An elevator encounter that happened to Laurie Waters highlights the daily plight faced by early-onset Alzheimer’s patients like her.
Waters, 57, was stuck in an elevator at an Alzheimer’s convention with other folks who were growing loud and excited — and the situation was getting to her.
“I was starting to get panic-stricken, being in that enclosed space. And one gentleman was like, ‘Well, what’s the matter with you?'” Waters recalled. “I said, ‘I’m actually living with Alzheimer’s.’ And this woman next to him said, ‘You know, that’s really mean to say that.'”
June is Alzheimer’s & Brain Awareness Month, and people like Waters are taking the opportunity to share what they’d like others to know about what it’s like to live with a dementia.
Her elevator tale illustrates two important lessons — younger people can have dementia and people with this disease would really rather not debate their diagnosis or be told they don’t look like they have Alzheimer’s.
“I look young, and people even in the Alzheimer’s community who are around it still don’t recognize younger-onset,” said Waters, who lives in Clover, S.C. “It’s everywhere. I’ve had doctors who have sat there, who haven’t met me before, just look at me and be like, ‘Are you sure you’re diagnosed with Alzheimer’s?'”
The frustration for Deborah Jobe comes from folks who talk about her as though she isn’t there.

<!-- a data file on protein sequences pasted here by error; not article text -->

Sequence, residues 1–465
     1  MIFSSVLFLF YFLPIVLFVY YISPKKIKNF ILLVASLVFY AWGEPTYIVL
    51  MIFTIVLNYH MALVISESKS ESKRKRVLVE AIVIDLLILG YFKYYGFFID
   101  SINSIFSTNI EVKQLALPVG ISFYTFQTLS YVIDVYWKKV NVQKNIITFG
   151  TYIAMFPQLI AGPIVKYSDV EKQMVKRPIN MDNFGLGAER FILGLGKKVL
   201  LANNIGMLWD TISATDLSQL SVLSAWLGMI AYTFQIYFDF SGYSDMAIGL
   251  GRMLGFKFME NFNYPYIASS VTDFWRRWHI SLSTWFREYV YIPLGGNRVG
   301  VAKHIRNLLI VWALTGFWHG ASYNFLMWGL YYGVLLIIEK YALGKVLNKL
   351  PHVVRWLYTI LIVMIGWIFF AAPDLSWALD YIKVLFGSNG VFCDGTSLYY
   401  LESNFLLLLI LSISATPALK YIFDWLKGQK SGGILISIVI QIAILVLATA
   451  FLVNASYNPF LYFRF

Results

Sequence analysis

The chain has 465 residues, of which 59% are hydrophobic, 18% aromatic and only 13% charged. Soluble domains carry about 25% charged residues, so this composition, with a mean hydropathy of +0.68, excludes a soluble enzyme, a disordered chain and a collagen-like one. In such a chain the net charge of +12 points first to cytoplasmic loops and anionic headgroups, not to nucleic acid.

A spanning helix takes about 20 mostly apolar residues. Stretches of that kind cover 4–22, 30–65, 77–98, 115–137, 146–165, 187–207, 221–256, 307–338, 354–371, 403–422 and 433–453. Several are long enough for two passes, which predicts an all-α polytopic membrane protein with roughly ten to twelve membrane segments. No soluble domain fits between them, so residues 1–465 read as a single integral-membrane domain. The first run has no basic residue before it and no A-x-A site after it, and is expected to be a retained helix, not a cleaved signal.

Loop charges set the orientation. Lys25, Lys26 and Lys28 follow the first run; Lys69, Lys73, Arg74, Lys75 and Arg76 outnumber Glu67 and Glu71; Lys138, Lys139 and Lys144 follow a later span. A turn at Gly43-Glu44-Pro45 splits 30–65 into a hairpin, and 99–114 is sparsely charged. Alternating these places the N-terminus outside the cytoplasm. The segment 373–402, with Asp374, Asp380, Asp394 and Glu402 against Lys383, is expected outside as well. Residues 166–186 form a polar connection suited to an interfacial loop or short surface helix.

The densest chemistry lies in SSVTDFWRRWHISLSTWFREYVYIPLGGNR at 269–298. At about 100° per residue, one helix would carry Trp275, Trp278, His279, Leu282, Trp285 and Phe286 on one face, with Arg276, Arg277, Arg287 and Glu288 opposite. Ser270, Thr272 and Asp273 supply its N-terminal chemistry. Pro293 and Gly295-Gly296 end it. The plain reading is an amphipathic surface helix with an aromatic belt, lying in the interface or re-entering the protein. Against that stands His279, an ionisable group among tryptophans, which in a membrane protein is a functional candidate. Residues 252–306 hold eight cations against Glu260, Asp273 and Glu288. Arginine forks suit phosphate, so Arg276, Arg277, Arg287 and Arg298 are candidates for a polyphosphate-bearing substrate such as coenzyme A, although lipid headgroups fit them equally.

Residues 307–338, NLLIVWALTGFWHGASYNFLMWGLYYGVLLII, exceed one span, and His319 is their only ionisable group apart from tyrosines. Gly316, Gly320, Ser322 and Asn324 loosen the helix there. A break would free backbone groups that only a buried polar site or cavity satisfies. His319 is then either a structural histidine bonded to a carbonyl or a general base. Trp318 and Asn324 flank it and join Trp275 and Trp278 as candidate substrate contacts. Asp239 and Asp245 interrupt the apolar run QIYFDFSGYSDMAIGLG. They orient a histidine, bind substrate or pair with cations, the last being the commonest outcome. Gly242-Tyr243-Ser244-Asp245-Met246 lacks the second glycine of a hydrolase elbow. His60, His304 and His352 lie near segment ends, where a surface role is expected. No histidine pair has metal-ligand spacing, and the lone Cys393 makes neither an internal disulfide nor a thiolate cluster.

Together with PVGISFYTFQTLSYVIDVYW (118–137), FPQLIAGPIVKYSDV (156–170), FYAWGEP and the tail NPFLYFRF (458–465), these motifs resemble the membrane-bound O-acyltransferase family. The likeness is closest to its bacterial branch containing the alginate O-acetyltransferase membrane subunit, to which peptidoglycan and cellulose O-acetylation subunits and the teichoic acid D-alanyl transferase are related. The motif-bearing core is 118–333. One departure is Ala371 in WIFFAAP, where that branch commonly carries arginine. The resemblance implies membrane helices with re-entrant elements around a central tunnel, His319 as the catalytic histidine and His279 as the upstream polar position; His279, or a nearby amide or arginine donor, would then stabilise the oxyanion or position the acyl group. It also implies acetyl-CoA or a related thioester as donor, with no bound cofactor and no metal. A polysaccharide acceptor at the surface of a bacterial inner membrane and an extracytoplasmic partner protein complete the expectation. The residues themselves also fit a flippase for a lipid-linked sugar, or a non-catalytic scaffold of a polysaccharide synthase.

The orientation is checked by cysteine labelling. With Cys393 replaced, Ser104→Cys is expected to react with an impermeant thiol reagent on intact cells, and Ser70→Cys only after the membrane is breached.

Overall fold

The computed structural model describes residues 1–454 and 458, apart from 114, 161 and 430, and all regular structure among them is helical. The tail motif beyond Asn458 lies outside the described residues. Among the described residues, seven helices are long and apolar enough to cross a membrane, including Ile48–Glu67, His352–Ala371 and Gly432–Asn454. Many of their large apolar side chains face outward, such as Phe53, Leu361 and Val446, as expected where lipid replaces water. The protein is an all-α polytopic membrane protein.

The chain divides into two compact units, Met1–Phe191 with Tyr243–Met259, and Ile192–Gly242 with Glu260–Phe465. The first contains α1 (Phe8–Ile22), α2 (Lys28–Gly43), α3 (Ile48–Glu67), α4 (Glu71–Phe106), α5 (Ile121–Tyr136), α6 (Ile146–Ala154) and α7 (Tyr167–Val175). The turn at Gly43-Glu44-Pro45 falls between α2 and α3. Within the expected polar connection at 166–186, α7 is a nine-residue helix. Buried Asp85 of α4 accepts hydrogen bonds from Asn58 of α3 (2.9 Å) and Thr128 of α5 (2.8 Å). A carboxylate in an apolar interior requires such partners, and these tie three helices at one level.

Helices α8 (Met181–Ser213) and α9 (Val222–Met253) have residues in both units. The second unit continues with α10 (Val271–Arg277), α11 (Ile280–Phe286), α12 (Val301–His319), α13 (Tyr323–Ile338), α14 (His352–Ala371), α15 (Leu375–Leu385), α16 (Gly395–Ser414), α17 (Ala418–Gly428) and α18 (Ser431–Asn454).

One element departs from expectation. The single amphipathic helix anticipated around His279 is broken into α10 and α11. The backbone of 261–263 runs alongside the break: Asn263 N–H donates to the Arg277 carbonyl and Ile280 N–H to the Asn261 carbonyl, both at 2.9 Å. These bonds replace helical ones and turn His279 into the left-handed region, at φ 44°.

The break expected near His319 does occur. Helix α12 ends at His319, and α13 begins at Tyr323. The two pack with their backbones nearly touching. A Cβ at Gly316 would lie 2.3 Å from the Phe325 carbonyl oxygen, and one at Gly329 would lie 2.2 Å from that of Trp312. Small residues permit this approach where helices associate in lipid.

“My husband and I will be in a room and people will ask him, you know, ‘She looks pretty good, how is she doing?'” said Jobe, 55, of St. Louis, who has an early-onset form of dementia called posterior cortical atrophy.
“I’m like, ‘Hello! Right here! You can ask me. It’s OK. I don’t mind,'” Jobe said, laughing. “I’m still here. I’m still human. Please address to me and if I can’t answer, I’m sure he’ll step in and help.”
The upshot from Waters and Jobe — people with Alzheimer’s are still people. Although, some are put into an independent living center or memory care community like The Gardens of Sun City to better take care of them. You may visit sites like https://www.residencesatplainview.com/community/your-retirement-community/ to get an idea.
“One of the common themes I hear over and over again is that how the diagnosis does not define who they are,” said Monica Moreno, senior director of care and support with the Alzheimer’s Association, who works with early-stage families in the wake of their diagnosis.
“It’s not uncommon that when people hear that someone has been diagnosed, they immediately think about the end stage of the disease, where an individual may not be communicative and may not necessarily be aware of their surroundings,” Moreno said.
“And while we know that that may be that’s where the disease leads to, in the early stage of the disease individuals still want to live a meaningful life and they know that they still have things to contribute to society,” she said. If they need help, they can go to a senior living community.
First signs of trouble
Waters received her diagnosis in 2017, when her husband noticed that she wouldn’t quit working.
“I wouldn’t leave my office. I used to work for a pharmaceutical company, and I used three computers in my office going through patient records,” Waters recalled. “And I could fly through a patient’s record in, like, five to 15 minutes.